The colorful legacies of Billy Joe Patton and Harvie Ward
By Lee Pace
One came from a small town in the western part of North Carolina, one from a small town in the east. One was a Wake Forest man when the Baptist institution was located in northern Wake County, the other a Tar Heel from the University of North Carolina. Both played golf with flair and color. They talked to the galleries and regaled the news media, their pictures appearing in national magazines (one of them smiling on the cover of Newsweek) throughout the 1950s. Both had outstanding short games and were deadly putters. They won five Carolinas Amateur Championships between them.
Each flirted with winning major professional championships in golf. Billy Joe Patton led the Masters on the final day in 1954 before twice hitting into Augusta National’s creeks and ponds and finishing third. Harvie Ward was tied for the lead in the 1957 Masters on the final day before hitting into the pond on 11, making double-bogey and fading as Doug Ford raced to the victory.
Patton led the U.S. Open after one round in 1954.
Ward won the U.S. Amateur in 1955 and ’56.
They played on eight Walker Cup teams (Patton five and Ward three).
They both won the North and South Amateur, Ward while a student at Carolina in 1948 and Patton in the height of his working-man/crack-golfer career in 1954, ’62 and ’63. Both were right-brained golfers where feel, touch and imagination were tantamount, and each thrived on Pinehurst No. 2, a venue requiring those skills in copious amounts.
“I loved playing No. 2. You had to play a lot of bounce-up shots,” Ward reflected years later. “You couldn’t play into the green. It was more like Scottish golf — you had to bounce it in there. You used to have to hit the chip-and-run or putt from off the green on those sand greens in Tarboro. There and playing at Pinehurst helped when I won the British Amateur. They were amazed over there how good I was hitting the pitch-and-run versus the flop wedge, where you hit it in the air and stop it by the hole. I adapted to golf over there very easily.”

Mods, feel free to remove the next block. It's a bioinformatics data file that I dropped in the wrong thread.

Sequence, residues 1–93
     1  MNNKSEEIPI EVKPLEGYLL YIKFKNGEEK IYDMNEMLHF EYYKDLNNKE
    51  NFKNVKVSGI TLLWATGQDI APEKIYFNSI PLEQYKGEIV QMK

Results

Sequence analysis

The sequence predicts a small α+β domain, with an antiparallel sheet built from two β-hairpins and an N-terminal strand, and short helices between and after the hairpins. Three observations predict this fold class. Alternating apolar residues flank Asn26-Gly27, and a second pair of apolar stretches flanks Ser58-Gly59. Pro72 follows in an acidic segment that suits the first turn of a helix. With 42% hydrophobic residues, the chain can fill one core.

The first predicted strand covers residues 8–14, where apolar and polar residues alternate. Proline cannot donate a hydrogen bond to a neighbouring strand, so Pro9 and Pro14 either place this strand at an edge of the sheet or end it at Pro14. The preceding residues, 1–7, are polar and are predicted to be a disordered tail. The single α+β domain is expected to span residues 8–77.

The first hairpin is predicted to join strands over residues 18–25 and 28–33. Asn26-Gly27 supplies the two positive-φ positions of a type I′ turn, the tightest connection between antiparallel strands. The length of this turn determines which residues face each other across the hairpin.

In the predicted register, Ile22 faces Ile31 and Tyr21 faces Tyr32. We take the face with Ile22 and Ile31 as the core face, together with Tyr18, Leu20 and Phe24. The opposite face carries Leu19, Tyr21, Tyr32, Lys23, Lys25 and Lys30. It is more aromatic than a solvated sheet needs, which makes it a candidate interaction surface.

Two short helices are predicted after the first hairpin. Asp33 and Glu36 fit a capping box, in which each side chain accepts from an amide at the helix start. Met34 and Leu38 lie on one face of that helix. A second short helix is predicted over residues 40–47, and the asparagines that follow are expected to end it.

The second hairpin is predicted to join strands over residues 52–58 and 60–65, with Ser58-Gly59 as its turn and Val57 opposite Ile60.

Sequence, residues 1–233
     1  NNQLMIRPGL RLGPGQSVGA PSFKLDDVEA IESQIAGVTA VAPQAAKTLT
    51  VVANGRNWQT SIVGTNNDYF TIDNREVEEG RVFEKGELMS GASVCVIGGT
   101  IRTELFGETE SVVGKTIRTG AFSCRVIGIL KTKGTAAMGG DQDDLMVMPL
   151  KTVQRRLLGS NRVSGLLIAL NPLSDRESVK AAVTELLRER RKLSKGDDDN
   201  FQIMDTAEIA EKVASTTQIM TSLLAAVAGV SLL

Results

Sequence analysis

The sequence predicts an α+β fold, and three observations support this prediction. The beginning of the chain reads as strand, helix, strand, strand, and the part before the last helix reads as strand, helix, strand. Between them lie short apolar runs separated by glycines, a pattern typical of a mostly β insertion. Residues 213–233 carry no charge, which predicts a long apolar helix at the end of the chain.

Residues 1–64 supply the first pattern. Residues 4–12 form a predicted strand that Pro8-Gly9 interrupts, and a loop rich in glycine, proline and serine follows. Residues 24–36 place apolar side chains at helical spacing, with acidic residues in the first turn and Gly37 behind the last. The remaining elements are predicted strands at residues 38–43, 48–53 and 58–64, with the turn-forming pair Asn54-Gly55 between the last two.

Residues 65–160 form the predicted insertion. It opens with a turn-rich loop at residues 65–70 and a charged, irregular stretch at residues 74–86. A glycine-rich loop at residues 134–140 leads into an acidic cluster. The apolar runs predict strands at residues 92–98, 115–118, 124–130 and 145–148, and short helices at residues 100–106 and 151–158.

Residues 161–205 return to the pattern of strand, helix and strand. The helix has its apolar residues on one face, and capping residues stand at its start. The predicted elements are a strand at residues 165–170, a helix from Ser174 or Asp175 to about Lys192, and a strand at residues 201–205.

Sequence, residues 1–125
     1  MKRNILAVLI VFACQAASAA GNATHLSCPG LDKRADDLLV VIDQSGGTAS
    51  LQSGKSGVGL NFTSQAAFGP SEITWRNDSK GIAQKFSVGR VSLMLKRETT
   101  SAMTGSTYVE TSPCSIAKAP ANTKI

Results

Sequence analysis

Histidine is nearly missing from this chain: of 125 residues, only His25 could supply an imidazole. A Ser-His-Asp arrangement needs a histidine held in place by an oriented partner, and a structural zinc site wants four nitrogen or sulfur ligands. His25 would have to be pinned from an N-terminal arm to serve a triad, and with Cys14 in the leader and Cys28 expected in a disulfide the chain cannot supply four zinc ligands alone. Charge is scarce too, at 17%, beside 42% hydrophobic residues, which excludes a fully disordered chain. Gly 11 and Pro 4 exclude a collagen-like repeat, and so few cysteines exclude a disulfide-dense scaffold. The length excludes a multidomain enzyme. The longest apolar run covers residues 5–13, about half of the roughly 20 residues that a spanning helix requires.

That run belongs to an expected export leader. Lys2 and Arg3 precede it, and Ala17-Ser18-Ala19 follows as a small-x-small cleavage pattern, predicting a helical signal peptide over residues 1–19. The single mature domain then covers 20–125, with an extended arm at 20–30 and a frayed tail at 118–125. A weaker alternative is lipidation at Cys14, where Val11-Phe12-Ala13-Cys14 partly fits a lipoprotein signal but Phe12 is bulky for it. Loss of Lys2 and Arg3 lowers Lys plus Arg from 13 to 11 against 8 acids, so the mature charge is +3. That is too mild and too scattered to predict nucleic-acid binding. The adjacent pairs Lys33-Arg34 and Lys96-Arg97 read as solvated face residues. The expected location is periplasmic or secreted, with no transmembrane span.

“When I think of Pinehurst, I think of No. 2,” Patton said. “If I listed the five best golf courses I ever played, it would never leave my hand. I don’t know if I ever thought any course was any better. I think Donald Ross just took what he had. It was a desert of sand and scrub oak and pine, and the fellow just built a golf course on it. He didn’t build it around a lake because there wasn’t a lake there.”
And both at the height of their amateur careers rejected the idea of turning professional. There simply wasn’t the money to make it the same draw it is today. Ward sold cars and later became a club pro and expert golf instructor. Patton was in the lumber business.
“As it is now, I get a terrific kick out of playing golf,” Ward said in 1955. “It’s a pleasure, rather than work. I like it that way.”
“I’ve had a good life,” Patton said in 1994. “I’ve been happy. I’ve enjoyed my golf. I’ve enjoyed my friends. I’ve enjoyed my family. I’ve enjoyed my work. I’ve spent a lot of time doing the things I wanted to do. A man can’t ask for much more than that.”
Ward died in August 2004, succumbing to a long bout with cancer. Patton followed in 2011 at the age of 88 after several years living in a retirement home.
As huge as their respective shadows were across golf in the Carolinas, surprisingly they had very little face-to-face experience with one another.
“I was in college at Wake Forest,” Patton remembered in 2007. “It was 1940, I think. Harvie was a high school kid from Tarboro. They had this little tournament in Raleigh called the Eastern Carolina Amateur. He beat me 1-up. He couldn’t have been more than 15 years old and showed up in short pants. He’d never graduated to long pants. He was very straight off the tee and was a wonderful putter. That was aggravating, getting beat by a kid like that. There was a story in the paper after that match and my fraternity brothers gave me a lot of grief.